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Is there a market failure in early child investment?

[This article has been published in Restoring America to highlight how increased federal spending is rarely a solution to social issues.]

During a recent Stanford event, Cecilia Rouse, chair of the Council of Economic Advisors (CEA), made the economic case for the administration’s push for higher government spending on young children.

Under the “Build Back Better” plan, federal taxpayers would finance universal pre‑K for 3 and 4‑year‑olds and extensive childcare subsidies for most families with kids. Rouse justified these programs as means of correcting market failures: if childcare and pre‑K enrollments were left to individual families, she said, parents would underspend on young children’s care and development, relative to what is socially optimal.

According to Rouse, this market failure arises partly because families ignore the broader societal benefits of high‐quality childcare and early childhood programs when deciding how much childcare or early education to purchase, such as any positive externalities associated with lower crime or future workers being more productive, for example.

Taken together with her other arguments for market failure, she believes this justifies the huge universal pre‑K and childcare subsidies proposed. Yet the evidence for this particular theory is weak, as is the idea that the administration’s mooted policies would deliver the large benefits assumed.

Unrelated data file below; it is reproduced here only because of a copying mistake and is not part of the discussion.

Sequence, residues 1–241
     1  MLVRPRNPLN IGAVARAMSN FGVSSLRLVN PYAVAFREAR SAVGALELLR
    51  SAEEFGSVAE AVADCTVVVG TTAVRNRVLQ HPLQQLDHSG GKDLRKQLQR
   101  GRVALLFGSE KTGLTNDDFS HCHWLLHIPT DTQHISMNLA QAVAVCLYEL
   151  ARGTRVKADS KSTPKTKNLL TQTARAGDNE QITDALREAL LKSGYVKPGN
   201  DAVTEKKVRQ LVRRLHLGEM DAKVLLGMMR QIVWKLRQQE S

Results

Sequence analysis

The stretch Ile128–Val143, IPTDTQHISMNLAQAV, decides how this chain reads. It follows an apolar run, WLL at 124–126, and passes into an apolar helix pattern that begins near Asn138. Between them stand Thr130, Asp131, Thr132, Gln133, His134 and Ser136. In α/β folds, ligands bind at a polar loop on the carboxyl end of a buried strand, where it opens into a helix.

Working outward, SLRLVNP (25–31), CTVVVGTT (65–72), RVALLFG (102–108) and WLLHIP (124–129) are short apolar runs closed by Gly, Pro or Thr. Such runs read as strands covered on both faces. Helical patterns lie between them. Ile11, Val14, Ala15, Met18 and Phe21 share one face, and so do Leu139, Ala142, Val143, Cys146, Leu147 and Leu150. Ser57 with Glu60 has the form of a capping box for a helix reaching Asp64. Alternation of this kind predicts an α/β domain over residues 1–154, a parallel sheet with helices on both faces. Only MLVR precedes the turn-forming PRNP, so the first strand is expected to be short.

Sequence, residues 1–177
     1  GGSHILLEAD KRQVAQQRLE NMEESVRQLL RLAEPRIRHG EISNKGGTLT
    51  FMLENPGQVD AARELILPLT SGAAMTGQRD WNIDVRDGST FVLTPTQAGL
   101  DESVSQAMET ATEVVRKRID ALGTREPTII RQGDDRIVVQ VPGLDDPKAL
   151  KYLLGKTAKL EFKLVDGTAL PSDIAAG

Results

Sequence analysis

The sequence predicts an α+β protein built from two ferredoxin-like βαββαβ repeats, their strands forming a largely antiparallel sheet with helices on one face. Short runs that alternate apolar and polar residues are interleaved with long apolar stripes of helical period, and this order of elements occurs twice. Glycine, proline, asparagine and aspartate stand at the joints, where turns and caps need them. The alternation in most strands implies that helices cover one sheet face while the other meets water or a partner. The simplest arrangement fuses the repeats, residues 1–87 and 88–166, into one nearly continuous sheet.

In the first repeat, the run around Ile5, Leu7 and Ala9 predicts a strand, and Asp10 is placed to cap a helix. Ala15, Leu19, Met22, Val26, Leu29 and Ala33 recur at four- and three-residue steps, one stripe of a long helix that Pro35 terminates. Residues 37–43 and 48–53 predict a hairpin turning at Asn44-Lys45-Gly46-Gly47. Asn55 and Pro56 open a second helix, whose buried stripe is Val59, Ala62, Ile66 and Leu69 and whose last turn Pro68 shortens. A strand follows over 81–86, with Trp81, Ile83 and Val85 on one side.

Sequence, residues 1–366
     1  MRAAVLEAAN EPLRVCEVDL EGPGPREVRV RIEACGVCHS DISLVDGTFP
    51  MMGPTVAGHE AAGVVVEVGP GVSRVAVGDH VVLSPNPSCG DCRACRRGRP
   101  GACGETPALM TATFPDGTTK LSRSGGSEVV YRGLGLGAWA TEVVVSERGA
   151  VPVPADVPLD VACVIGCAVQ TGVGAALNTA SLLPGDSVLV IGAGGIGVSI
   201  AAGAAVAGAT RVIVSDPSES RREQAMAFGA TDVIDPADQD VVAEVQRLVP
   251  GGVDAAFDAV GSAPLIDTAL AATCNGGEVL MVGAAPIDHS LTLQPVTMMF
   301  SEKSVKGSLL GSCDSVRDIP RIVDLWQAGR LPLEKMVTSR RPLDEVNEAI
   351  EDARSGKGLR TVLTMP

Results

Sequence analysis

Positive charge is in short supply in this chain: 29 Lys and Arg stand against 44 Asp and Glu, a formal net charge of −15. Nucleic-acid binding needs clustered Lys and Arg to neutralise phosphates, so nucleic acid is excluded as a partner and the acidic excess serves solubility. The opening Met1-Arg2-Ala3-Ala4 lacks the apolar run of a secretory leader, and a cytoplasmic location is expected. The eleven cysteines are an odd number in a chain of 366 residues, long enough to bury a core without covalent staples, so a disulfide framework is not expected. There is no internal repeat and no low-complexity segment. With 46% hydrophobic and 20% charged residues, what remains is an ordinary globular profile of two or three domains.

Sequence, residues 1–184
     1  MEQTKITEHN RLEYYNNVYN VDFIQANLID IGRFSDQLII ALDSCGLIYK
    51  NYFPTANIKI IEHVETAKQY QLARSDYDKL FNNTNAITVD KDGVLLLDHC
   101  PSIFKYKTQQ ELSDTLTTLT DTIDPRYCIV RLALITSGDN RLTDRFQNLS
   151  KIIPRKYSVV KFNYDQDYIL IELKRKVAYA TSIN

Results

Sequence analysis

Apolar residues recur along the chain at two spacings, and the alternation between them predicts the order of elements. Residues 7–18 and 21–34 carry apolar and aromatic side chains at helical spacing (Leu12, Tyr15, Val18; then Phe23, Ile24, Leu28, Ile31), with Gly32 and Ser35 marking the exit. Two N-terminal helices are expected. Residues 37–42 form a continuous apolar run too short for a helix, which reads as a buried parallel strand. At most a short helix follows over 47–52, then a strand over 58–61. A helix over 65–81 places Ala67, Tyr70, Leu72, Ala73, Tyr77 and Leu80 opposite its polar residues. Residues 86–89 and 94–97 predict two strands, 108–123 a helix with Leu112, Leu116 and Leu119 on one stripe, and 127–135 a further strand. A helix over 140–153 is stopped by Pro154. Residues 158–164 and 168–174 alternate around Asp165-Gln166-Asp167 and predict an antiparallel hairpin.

First, commonly‐cited studies that find large social benefits of pre‑K education are typically targeted to severely deprived children and consist of small and resource‐intensive programs that were sometimes implemented more than fifty years ago.

The administration’s Treasury report on childcare, for example, boldly states that “evidence suggests that children who participate in organized early childhood programs are less likely to commit crimes later in life.” If true, the social costs of crime would mean this would be a clear additional benefit to society as a whole.

The cited source of the claim is a report on the Perry Preschool Project, a randomized control trial that incorporated just 123 disadvantaged Black American children in the early 1960s, where the treated kids were exposed to part‐day preschool on weekdays for one or two years . Perry researchers have been criticized for using non‐standard significance levels and for using a non‐representative sample, both of children generally and potentially of disadvantaged children specifically.

To base the case for universal pre‑K for all 3 and 4‑year‐olds and hundreds of billions of dollars in childcare subsidies today on the speculative extrapolation from the results of such a small, targeted program run six decades ago is ludicrous, especially because this study does not chime with the experience of more comprehensive evaluations of recent research on large-scale pre-K programs.

For example, a comprehensive examination of Head Start, a federal preschool program for poor children, found benefits to the children themselves, but no significant effects on criminality that might benefit society. And, following the introduction of full-day kindergarten for five-year-olds and universal childcare for four-year-olds in Quebec, researchers found “striking evidence that children are worse off in a variety of behavioral and health dimensions, ranging from aggression to motor‐social skills to illness” in the short term. A follow‐up study found a “sharp and contemporary increase in criminal behavior among the cohorts exposed to the Quebec program” in the long term. This suggests, on crime at least, that universal provision of pre‐school might bring net social costs, not benefits.